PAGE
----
Latest and Historic Controversies

Live Controversy Center

Historic Controversy Of The Big Hawaiian Islands

The big island of Hawaii is larger than all other Hawaiian islands combined. It was actually the Kingdom of Hawaii before its citizens applied for statehood with the United States. This commentary traces the history of Hawaii, including the famous Hawaiian Splintered Paddle Law.

Some experts in history of Hawaii believe that it was named for the legendary Polynesian navigator Hawaiiloa, who was first to discover it. Other authorities on the history of Hawaii cite accounts, which attribute the name for the Kingdom of Hawaii, which later became the State of Hawaii, to a location from which Polynesians originated. Hawaiki, which is a Maori name, is the legendary realm or land to which they go in their afterlife. It is the realm of the gods.

But all specialists on the history of Hawaii agree that the Kingdom of Hawaii began under the rule of Kamehameha I, who was dubbed Kamehameha the Great. There is a fundamental disagreement in the historical accounts about the birth of Kamehameha.

Legends about the history of Hawaii claim that a great king will have united the Hawaiian Islands. The legend claims that a great comet would herald the birth of their king. It is a know fact that Halley’s comet was visible from the Hawaiian islands in 1758.

Many historians assume that Kamehameha must have been born a short time after the appearance of Halley’s comet. Other historical accounts say that he was actually born in November of 1737. So there is a debate about the precise year Kamehameha was born.

All accounts about the history of Hawaii agree that Kamehameha united the Hawaiian islands and became the Kingdom of Hawaii under him; and it came under his rule after many years of warfare and incursions. Kamehameha had an armada of about 1,200 war canoes and almost and 10,000 soldiers when he set sail from the big island of Hawaii to conquer all the islands in 1795.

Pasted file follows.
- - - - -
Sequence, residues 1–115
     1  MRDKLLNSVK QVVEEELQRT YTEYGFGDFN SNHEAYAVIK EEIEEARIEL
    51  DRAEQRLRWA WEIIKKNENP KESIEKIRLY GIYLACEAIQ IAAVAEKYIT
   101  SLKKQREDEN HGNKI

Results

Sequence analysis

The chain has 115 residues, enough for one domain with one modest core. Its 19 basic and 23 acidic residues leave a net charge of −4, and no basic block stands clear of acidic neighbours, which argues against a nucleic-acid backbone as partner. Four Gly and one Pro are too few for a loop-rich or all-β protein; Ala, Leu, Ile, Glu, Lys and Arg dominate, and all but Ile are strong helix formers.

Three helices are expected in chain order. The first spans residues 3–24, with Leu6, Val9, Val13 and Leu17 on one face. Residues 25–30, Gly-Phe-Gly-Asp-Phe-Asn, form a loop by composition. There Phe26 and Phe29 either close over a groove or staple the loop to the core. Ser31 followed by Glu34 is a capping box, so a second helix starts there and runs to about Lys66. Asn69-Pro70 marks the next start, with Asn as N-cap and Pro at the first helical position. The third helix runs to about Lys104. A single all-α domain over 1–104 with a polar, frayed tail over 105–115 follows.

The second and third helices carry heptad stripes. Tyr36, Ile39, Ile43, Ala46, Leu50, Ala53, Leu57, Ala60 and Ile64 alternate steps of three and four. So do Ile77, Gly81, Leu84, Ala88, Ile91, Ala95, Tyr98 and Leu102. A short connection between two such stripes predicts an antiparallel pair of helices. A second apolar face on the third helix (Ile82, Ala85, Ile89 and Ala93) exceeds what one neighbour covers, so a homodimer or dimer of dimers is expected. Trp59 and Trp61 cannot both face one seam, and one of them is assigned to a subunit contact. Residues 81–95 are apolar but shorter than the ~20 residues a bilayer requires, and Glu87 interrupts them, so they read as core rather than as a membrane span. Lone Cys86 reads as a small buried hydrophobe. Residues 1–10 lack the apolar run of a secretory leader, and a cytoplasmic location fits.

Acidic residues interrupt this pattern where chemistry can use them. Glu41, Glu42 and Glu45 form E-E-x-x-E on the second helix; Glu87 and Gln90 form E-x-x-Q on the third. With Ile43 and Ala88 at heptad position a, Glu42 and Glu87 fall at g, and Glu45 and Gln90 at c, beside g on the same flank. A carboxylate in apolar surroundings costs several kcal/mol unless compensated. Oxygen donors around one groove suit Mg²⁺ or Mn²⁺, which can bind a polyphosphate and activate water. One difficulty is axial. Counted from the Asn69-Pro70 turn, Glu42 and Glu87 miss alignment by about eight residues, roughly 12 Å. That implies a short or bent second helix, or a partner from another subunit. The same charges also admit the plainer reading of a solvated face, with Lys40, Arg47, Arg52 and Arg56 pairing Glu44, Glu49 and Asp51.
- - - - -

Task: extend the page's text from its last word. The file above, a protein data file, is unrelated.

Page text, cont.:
Big Island of Hawaii

Kamehameha was able to unite the big island of Hawaii with all other Hawaiian islands into the Kingdom of Hawaii because he was in command of an overwhelming number of warriors along the island chain. Up until the point he surmounted the battle force, the Kingdom of Hawaii never had a population of 300,000.

Kamehameha quickly secured the islands of Maui and Molokai, which were only moderately defended. Then his troops moved from the big island of Hawaii on to Wai’alae and Waikiki on the island of Oahu.

Kamehameha defeated his archrival, Kaumualii by 1810. He emerged as the sovereign of the conquered Hawaiian islands chain; shortly thereafter formally established the big island of Hawaii as the seat of power over his newly established Kingdom of Hawaii.

Splintered Paddle

He developed alliances with major Pacific colonial powers and Kamehameha was thereby able to preserve the independence of the Hawaiian islands under his rule. Kamehameha is noted for enacting Mamalahoe Kanawai, which is literally the Law of the Splintered Paddle.

Kamehameha devised the Law of the Splintered Paddle long before Hawaii was unified as the Kingdom of Hawaii. One of the two local fishermen, who were afraid of the great warrior, actually broke a large wooden paddle over the head of Kamehameha during a raid after his foot became stuck in a rock.

The force of the blow stunned Kamehameha and the fishermen left him, believing their attack had been deadly. The same fishermen were brought before Kamehameha twelve years later and they expected to receive sever punishment for it. They were stunned, however, when Kamehameha set them free.

But Kamehameha did more than simple give the fishermen their freedom; he also gave them gifts of land on the big island of Hawaii. King Kamehameha had blamed himself for his own attacks on innocent people. He therefore declared the Law of the Splintered Paddle, “Let every elderly person, woman and child lie by the roadside in safety”.

The Mamalahoe Kanawai law provides for human rights and safety of noncombatants in time of war. This law may have saved thousands of lives during the campaigns of Kamehameha. The Law of the Splintered Paddle became the first law written for the Kingdom of Hawaii. Splintered Paddle Law is still a part of the State Constitution of Hawaii today.